Preparing your student for standardized testing

By Huntington Learning Center

Oradell, NJ February 4, 2015 —Currently, in the United States, standardized testing plays a major role in public schools. Your child could take more than one standardized test during a school year and teachers may spend classroom time preparing students for upcoming tests. On a daily basis, parents can support their child before, during and after these tests in various ways that will help their child be more prepared on test day.

Before the test-As a parent you need to be prepared before the test. Most schools will send home information in advance of the test about testing schedules and preparation plans. That includes, what the test is, what it will measure, and how the results will be analyzed and used. Check with your school to see if standardized tests results are used for placement in classes for the following school year. Here are steps you can take to prepare your child:

  • Help your child with subjects that are difficult. Workbooks target test prep by offering practice exercises and questions similar to the ones on the test.
  • Put your child’s mind at ease if you think they might have any anxiety. Standardized testing is a reality that children are forced to deal with. Practice relaxation tips to use during the test.
  • Talk with your child’s teacher if you have concerns. Difficulty with standardized tests could be the symptom of a problem. Huntington Learning Centers offer academic evaluations that helps identify the areas causing a child trouble and can help to prepare for standardized tests.

On test day-
"It is imperative that your child gets a good night’s rest the night before and eats a healthy breakfast.  This ensures your child can work to their maximum potential," says Eileen Huntington of Huntington Learning Center.  Huntington suggest the following test taking tactics. Here is a list of test taking strategies students can use to answer questions:

  • Read the question first. Read the entire question first to make sure you understand what it’s asking. With reading passage questions, read the questions first to guide reading.
  • Look for key words. Identify key words in the question, such as compare, except, and author’s intent, that will guide you towards choosing the correct answer.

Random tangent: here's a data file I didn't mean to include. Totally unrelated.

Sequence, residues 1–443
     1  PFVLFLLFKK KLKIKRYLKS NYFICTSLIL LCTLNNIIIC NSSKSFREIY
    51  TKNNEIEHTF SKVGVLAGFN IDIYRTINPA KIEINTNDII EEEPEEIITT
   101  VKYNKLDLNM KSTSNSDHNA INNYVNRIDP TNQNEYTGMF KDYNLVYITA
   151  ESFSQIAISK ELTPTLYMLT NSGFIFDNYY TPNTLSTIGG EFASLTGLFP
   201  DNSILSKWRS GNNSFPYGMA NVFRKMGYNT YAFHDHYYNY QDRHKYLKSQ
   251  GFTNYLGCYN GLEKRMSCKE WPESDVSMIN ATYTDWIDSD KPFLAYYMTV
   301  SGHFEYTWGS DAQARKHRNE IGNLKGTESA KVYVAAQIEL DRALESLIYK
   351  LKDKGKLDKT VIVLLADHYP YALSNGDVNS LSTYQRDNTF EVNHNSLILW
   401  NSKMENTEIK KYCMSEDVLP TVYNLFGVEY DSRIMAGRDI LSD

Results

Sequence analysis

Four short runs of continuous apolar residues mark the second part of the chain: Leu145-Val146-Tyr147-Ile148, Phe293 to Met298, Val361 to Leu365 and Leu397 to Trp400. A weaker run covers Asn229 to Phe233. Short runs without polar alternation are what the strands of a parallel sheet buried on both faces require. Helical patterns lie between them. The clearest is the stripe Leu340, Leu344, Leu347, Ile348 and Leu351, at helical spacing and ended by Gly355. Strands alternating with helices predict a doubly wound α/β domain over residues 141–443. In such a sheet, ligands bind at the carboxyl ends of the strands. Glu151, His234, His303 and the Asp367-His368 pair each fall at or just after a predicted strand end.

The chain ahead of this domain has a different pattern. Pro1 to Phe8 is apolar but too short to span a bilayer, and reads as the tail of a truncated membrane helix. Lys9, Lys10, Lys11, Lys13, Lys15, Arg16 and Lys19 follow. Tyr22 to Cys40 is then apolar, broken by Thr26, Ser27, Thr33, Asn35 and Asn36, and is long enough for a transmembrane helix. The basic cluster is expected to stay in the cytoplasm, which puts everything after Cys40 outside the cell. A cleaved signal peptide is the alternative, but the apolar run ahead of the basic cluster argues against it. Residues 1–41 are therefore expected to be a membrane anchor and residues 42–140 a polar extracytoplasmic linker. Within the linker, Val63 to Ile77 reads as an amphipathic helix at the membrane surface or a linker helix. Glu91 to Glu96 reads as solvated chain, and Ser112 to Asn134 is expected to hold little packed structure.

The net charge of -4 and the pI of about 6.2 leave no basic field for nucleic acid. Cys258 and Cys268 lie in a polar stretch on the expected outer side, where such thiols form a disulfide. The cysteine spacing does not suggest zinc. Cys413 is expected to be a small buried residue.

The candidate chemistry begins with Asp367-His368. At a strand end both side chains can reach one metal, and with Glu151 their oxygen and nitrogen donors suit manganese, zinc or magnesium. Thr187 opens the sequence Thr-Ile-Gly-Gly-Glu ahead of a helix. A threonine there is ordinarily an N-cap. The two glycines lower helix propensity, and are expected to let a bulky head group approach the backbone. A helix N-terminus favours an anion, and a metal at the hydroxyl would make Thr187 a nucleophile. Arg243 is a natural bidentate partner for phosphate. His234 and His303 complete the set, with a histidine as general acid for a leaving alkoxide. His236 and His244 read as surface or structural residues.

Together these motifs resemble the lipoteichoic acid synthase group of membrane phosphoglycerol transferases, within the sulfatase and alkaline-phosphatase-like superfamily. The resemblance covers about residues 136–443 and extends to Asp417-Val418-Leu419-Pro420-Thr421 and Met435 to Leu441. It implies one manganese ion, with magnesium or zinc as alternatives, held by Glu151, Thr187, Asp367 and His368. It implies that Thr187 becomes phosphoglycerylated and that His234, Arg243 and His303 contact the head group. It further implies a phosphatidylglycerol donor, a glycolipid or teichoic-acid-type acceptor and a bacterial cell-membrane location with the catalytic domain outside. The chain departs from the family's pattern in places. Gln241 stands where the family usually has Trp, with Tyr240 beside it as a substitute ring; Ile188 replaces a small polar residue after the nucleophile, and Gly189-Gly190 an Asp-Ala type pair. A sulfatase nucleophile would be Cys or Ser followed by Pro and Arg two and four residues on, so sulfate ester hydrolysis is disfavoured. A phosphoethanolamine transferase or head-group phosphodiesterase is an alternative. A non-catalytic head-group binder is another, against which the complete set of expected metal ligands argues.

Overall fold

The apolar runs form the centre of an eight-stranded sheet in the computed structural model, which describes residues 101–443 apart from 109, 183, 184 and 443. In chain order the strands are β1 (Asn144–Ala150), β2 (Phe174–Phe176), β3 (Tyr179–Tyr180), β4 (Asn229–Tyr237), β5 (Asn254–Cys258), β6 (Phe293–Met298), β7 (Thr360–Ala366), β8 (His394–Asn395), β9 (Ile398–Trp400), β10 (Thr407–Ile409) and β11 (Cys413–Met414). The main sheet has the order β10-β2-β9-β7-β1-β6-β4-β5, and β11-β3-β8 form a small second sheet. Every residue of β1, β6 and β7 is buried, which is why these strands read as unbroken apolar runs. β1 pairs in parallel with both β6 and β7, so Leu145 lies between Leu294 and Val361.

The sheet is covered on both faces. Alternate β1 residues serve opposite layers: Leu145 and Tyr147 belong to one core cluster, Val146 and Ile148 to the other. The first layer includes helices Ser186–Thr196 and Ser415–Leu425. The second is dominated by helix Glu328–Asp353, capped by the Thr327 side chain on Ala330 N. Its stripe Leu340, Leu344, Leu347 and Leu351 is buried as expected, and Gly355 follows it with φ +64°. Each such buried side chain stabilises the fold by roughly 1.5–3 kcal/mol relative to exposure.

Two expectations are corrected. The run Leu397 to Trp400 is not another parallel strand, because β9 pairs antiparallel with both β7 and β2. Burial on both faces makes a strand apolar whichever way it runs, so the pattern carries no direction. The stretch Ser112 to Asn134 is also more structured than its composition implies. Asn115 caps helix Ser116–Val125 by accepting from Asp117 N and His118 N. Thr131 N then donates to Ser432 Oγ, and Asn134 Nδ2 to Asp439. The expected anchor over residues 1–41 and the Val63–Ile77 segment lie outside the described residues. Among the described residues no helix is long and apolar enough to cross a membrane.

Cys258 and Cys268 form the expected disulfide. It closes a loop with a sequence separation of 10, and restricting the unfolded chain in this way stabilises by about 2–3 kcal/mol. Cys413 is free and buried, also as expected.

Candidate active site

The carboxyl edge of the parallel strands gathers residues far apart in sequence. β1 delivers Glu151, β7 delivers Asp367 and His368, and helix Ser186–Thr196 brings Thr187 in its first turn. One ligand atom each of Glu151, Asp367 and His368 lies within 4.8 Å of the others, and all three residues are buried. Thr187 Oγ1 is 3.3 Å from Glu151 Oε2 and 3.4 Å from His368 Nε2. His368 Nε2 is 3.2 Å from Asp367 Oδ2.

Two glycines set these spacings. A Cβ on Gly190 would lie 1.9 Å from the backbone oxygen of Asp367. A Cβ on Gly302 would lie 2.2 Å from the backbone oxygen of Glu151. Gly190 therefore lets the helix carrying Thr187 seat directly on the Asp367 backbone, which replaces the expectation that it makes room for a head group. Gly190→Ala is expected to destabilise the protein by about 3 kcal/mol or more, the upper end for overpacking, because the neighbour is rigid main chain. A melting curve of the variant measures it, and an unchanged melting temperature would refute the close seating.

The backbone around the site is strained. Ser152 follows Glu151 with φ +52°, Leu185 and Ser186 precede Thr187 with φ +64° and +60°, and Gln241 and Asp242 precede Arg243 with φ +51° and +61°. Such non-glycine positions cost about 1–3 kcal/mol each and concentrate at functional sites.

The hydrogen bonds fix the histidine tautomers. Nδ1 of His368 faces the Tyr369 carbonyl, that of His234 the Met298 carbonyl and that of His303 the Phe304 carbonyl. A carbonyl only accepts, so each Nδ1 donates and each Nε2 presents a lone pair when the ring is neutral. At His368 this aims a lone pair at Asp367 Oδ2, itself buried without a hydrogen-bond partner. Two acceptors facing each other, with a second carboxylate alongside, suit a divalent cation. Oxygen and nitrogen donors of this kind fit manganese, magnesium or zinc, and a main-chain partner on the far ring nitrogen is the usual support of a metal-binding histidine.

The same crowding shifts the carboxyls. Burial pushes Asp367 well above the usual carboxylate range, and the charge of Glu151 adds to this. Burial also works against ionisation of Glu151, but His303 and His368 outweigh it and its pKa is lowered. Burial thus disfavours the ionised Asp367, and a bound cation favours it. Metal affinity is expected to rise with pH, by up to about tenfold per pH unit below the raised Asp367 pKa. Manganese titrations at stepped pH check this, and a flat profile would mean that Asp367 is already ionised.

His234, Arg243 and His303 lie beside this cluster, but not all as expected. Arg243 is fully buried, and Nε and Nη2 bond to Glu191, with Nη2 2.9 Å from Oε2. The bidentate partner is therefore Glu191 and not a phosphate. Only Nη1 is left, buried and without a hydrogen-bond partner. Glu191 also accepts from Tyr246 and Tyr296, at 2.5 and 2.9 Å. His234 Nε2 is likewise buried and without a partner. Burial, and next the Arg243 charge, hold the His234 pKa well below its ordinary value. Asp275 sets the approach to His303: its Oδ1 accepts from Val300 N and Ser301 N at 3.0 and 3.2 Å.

• Read every answer choice before choosing the correct answer. After reading the question, stop and think about the answer before reading all the possible answers. Then eliminate the unlikely answer choices and identify the correct answer.
  • Answer the easier questions first. Answer the questions you know, skip the challenging ones, and then they go back and answer the skipped questions.
  • Make smart guesses. When you don’t know the answer to a question, make an educated guess, unless there’s a penalty for guessing. Educated guesses are made by eliminating the incorrect choices; apply what you know on the particular topic, and then picking the best answer choice that remains. 
  • Stick with your first answer. Don’t second-guess yourself; the first answer is probably right. Unless you are certain that the first answer was wrong, don’t change any answers.
  • Pace yourself. Budget time wisely so you can finish the test.  Don’t spend too much time on any one question.
  • Check your work carefully. Check that you’ve answered every question.

After the test -
Assessments vary from test to test, but the test scores should include information that helps you interpret the results. Talk with your child's teacher if you have any questions about the test results. Usually, the results are made available to both parents and teachers. Remember that standardized tests cannot measure the sum total of your child’s progress. It is only one assessment tool designed to measure a certain set of skills.

Lower than expected test results on standardized tests might indicate your child is struggling. It’s better to get help sooner rather than later. Huntington’s highly trained tutors work with your child individually, at his or her own pace, to master each skill before moving on to more difficult tasks and more advanced learning.


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